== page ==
Sonography, CT, or magnetic resonance (MR) imaging will help identify hydronephrosis, urinoma, or abscess. Lack of contrast in the distal ureter on delayed CT images confirms total obstruction (Armenakas, 1999). IVP can also help localize injury. However, IV contrast can be nephrotoxic, and thus CT with contrast may be a less than ideal choice for those with already elevated creatinine levels. Retrograde pyelography with fluoroscopic guidance and attempted retrograde ureteral stent placement can be considered in cases where suspicion remains high, and IVP is contraindicated or has equivocal findings. All of these imaging modalities can be used to diagnose injury in both the early and late postoperative periods.
The best repair method depends on the location, extent, time from surgery, and mechanism of injury. Expert assistance from a urogynecologist, gynecologic oncologist, or urologist may be prudent. The ureter can be repaired by stenting, reimplantation, or end-to-end reanastomosis. For low-grade sheath injuries from clamping or suturing, removal of the insult and stent placement may be sufficient. For incomplete obstruction or injury identified postoperatively, stenting alone can resolve injuries in up to 80 percent of cases. For more extensive injury, either reimplantation or reanastomosis is performed (Utrie, 1998).
Reimplantation, namely, ureteroneocystotomy, is preferred for injuries within 6 cm of the bladder. Uncommonly with this, if the ureter is short, a psoas hitch, that is, mobilizing the bladder and attaching it to the psoas muscle tendon, may be necessary to bridge the gap and relieve tension on the repair. An alternative to the psoas hitch is a Boari flap. In this procedure, the bladder ipsilateral to the injury is mobilized, and a pedicle of anterior bladder wall is fashioned into a tube to bridge to the ureter.
For injuries greater than 7 cm from the bladder, ureteral reanastomosis, that is, ureteroureterostomy, is preferred. Rarely, transureteroureterostomy is needed for a more proximal injury or one in which the bladder cannot be mobilized. With this procedure, the injured ureter is tunneled across and connected to the healthy ureter.
Little evidence guides the decision for reoperation in the early postoperative period. Intraoperatively, tissues are in their best condition, and the likelihood for successful repair is great. However, most iatrogenic injuries are recognized after a delay and tend to be complex (Brandes, 2004). In general, reexploration within the first few days appears to be well tolerated, leads to good outcomes, and is not technically difficult (Preston, 2000; Stanhope, 1991). Firm recommendations regarding reoperation beyond this early postoperative period are lacking, but reexploration 2 to 3 weeks after initial surgery is difficult due to inflammation, fibrosis, adhesions, hematoma, and distorted anatomy (Brandes, 2004).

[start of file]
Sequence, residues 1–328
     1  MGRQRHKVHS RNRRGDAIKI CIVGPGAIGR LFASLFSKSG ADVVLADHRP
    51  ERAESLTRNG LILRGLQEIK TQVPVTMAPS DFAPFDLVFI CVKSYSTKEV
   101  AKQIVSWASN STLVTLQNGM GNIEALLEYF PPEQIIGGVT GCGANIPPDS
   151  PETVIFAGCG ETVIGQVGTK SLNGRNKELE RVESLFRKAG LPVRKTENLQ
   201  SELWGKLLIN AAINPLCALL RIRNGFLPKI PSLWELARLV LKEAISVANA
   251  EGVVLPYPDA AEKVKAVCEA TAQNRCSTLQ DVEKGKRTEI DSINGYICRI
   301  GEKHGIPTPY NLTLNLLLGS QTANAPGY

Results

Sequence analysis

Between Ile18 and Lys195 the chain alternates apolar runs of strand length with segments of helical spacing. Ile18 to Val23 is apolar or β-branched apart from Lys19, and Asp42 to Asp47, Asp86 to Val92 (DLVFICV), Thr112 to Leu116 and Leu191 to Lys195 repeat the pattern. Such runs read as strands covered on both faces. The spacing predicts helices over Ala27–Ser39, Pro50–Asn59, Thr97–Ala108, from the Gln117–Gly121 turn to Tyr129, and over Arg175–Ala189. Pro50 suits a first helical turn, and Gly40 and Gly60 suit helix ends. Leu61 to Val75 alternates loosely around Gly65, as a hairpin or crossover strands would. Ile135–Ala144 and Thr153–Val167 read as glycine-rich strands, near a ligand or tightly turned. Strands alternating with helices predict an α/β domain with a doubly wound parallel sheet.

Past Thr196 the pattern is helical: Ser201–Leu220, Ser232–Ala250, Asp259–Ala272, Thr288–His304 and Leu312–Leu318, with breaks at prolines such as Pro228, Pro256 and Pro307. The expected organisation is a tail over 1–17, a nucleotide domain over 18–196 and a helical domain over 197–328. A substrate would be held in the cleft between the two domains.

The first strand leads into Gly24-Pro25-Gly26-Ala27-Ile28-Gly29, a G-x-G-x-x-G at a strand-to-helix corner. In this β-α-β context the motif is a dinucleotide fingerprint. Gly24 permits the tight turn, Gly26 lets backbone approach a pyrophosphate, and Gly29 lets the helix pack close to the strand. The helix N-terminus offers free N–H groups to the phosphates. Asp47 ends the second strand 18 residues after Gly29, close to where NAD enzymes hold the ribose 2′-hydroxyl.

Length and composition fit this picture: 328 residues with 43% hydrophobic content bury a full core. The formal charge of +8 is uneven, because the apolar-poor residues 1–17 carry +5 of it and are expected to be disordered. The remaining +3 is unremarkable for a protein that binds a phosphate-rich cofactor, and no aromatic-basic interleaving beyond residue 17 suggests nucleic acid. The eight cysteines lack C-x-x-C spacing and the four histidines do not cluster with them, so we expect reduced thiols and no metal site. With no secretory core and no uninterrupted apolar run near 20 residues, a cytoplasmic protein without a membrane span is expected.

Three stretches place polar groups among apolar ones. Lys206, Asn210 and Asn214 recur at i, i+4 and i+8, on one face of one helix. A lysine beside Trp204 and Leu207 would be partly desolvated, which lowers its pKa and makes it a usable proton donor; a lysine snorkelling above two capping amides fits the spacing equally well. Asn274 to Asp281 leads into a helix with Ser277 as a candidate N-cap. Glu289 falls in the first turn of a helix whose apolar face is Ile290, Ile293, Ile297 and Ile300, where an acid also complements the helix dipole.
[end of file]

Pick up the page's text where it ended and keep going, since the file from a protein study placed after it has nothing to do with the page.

For delayed diagnoses, retrograde stenting is unsuccessful in 50 to 95 percent of cases and recommended only for certain low-grade injuries (Brandes, 2004). Occasionally, an antegrade stent can be placed percutaneously, which will avoid the need for laparotomy, provided there is no ureteral leak or stricture. More extensive damage, such as complete transection, cannot be easily stented and is more appropriately repaired by definitive surgery. When diagnosis is significantly delayed, urinary diversion with a percutaneous nephrostomy (PCN) and later repair is preferred. For some low-grade lesions, such as ligation with absorbable suture, proximal urinary diversion by PCN may allow spontaneous healing without further surgery. In addition, PCN diversion may be used as a temporizing measure for patients temporarily unfit for surgery (Preston, 2000).
Lower urinary tract injury is poorly detected by direct visualization, and rates range from 7 to 12 percent for ureteral trauma and approximate 35 percent for bladder damage (Vakili, 2005). To increase early diagnosis, universal intraoperative cystoscopy has been advocated, and detection rates are near 96 percent (Ibeanu, 2009; Vakili, 2005; Visco, 2001). Proponents argue that the procedure is cost-effective, carries minimal risk, and prevents both postoperative morbidity and liability. Opponents cite overall low rates of injury, imperfect detection rates, increased costs, credentialing problems, and a need for training (Patel, 2009). Using a decision analysis model, one study estimated that routine cystoscopy was cost-effective when ureteral injury rates were above 1.5 percent for abdominal hysterectomy and 2 percent for vaginal and laparoscopically assisted hysterectomy (Visco, 2001).